We know that the gi system is one of the most commonly involved in Parkinson’s disease. Common symptoms can vary from constipation, paralysis or parestesis of the gut including reflux caused by both medications and disease itself. One of the common signs of having reflux is frequent coughing, unexplained wheezing and sometimes chocking a few minutes after finishing a meal or eating snacks. Sometimes only symptom of gi symptoms and severe reflux is not heartburn or pain but foul mouth smell/taste (halitosis) or wearing out of enamel of back of mouth. Untreated reflux can not only lead to tooth decay, motor fluctuations of Parkinson’s as well as esophageal cancer. Remember of the causes is H. Pylori

As I said previously one of the most common causes of pain and cramping in people with Parkinson’s is due to electrolyte imbalance brought on by repeated laxative use to relieve chronic constipation. Signs that you have electrolyte imbalances  is what I mentioned earlier cravings for sour and salty things – a good fix is a spoonful of mustard and going to see doctor about electrolyte imbalance, potassium, magnesium and calcium.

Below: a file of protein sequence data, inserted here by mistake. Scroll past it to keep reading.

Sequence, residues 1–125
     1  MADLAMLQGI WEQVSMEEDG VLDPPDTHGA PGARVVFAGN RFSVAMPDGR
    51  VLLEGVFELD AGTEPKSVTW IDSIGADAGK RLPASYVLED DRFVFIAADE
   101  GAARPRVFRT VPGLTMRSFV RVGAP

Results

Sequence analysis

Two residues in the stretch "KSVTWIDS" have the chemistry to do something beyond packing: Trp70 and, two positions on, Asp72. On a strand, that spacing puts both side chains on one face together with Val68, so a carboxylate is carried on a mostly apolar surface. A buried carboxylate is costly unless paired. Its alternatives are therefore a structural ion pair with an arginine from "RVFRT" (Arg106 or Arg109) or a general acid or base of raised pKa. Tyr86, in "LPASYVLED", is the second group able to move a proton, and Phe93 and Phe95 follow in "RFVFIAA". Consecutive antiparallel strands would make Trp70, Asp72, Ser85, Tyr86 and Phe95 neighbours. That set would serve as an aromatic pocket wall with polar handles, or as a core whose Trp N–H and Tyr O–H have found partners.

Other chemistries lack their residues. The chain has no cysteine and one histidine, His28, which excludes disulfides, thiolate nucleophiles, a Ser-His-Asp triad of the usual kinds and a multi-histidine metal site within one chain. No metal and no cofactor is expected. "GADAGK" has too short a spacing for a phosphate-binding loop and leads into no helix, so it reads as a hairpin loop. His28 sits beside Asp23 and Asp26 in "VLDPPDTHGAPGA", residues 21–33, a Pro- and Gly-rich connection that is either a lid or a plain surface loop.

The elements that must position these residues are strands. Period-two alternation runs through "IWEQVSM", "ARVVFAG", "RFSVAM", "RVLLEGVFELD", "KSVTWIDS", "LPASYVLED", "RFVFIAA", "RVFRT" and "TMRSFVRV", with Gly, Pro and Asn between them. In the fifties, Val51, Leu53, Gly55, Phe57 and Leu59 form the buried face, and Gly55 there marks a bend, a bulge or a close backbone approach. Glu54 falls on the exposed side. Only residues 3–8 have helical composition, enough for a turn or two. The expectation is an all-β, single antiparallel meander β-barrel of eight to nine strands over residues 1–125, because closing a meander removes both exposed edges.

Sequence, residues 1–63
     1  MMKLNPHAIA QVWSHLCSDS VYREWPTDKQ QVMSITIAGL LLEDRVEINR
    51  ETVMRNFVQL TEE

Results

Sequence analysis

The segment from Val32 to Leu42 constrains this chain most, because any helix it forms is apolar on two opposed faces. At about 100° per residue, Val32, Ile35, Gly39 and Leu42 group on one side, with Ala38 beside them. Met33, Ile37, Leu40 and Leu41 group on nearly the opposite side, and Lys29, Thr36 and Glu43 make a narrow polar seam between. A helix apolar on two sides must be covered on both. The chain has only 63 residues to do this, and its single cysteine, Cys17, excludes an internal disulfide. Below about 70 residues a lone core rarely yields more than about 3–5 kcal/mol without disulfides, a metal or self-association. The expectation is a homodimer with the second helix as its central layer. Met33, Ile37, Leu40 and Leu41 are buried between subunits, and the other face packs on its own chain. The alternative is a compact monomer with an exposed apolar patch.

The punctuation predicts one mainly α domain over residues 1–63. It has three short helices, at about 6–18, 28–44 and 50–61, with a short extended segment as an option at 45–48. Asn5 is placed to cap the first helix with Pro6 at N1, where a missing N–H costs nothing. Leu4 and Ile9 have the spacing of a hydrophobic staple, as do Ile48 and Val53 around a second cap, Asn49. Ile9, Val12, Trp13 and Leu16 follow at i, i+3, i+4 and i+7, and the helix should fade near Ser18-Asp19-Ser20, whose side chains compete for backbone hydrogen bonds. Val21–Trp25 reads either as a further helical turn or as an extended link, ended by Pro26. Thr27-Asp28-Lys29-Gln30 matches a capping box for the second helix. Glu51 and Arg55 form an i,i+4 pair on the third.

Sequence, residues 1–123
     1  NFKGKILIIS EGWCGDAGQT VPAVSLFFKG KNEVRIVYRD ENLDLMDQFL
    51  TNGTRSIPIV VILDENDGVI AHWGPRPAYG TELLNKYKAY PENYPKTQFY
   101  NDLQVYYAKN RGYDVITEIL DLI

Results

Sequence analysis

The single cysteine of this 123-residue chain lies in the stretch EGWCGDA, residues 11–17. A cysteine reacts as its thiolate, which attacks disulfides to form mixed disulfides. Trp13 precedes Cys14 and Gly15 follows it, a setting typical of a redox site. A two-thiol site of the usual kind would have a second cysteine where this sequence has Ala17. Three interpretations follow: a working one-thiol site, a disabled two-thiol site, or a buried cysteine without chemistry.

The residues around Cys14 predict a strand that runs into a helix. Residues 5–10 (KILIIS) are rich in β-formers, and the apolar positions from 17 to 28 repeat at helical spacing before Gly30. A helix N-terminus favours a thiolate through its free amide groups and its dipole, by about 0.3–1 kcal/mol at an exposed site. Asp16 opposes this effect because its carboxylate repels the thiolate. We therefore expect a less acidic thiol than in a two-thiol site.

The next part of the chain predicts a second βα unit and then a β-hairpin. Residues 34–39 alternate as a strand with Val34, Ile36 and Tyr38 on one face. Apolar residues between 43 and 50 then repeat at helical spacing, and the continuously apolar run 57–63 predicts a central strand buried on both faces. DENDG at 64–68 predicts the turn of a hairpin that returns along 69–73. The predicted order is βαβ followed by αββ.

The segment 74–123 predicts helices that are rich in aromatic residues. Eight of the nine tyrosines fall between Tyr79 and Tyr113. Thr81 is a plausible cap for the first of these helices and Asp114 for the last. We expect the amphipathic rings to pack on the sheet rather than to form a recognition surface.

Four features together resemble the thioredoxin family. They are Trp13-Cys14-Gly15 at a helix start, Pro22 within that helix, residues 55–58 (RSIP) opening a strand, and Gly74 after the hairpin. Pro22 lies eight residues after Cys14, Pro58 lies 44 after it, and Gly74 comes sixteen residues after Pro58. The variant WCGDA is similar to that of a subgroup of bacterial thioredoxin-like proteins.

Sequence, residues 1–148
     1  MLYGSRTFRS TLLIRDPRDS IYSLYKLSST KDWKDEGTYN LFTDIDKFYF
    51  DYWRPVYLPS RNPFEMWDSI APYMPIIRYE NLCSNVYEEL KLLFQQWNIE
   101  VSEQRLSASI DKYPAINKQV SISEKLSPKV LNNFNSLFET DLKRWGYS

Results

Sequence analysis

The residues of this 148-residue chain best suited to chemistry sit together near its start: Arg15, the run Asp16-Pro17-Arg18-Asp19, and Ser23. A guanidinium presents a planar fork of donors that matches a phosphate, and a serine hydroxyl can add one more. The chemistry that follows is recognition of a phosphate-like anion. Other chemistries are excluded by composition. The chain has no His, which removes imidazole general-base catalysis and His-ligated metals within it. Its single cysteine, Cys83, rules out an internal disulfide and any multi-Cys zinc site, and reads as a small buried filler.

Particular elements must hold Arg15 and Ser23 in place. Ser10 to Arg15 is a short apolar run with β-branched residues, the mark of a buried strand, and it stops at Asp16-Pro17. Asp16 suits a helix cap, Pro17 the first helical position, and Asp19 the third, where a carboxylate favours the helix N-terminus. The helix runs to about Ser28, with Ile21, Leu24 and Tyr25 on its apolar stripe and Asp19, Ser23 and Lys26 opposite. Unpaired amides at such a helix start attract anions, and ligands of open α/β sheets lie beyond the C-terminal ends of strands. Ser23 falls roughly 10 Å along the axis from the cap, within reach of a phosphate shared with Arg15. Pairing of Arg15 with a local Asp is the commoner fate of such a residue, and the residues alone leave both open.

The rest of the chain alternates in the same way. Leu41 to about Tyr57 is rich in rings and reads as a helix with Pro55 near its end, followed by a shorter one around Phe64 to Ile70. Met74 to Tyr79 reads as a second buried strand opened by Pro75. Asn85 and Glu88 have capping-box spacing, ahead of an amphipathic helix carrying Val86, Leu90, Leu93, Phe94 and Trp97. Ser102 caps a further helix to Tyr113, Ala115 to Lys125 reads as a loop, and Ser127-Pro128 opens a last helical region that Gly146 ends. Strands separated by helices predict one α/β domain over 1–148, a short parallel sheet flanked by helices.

Some of us who have LRRk2 gene as a cause of our Parkinson’s, are also at risk of developing another autoimmune or inflammatory diseases. One of the common autoimmune diseases who are a frequent comorbidity with PD is inflammatory bowel disease (both ulcerative colitis and Chron’s disease). One of the subtle ways a recurrence of Chron’s disease is the presence of pseudo -hemorrhoids. Of course you may think we’ll I have chronic constipation so it’s not surprising. You should always should check with your doctor and visit a gi specialists. Chron’s can affect the anal area in the form of fleshy growths which may mimic hemorrhoids. This type of Chron’s is extremely painful and Has a worse prognosis especially if left untreated causing bowel obstruction, anal fissures, and even cancer of the colon. So make sure that one of your team players in the fight against PD includes a gi doctor whom I recommend seeing at least twice a year or more frequently if having other problems. And especially if already have a history of inflammatory bowel disease.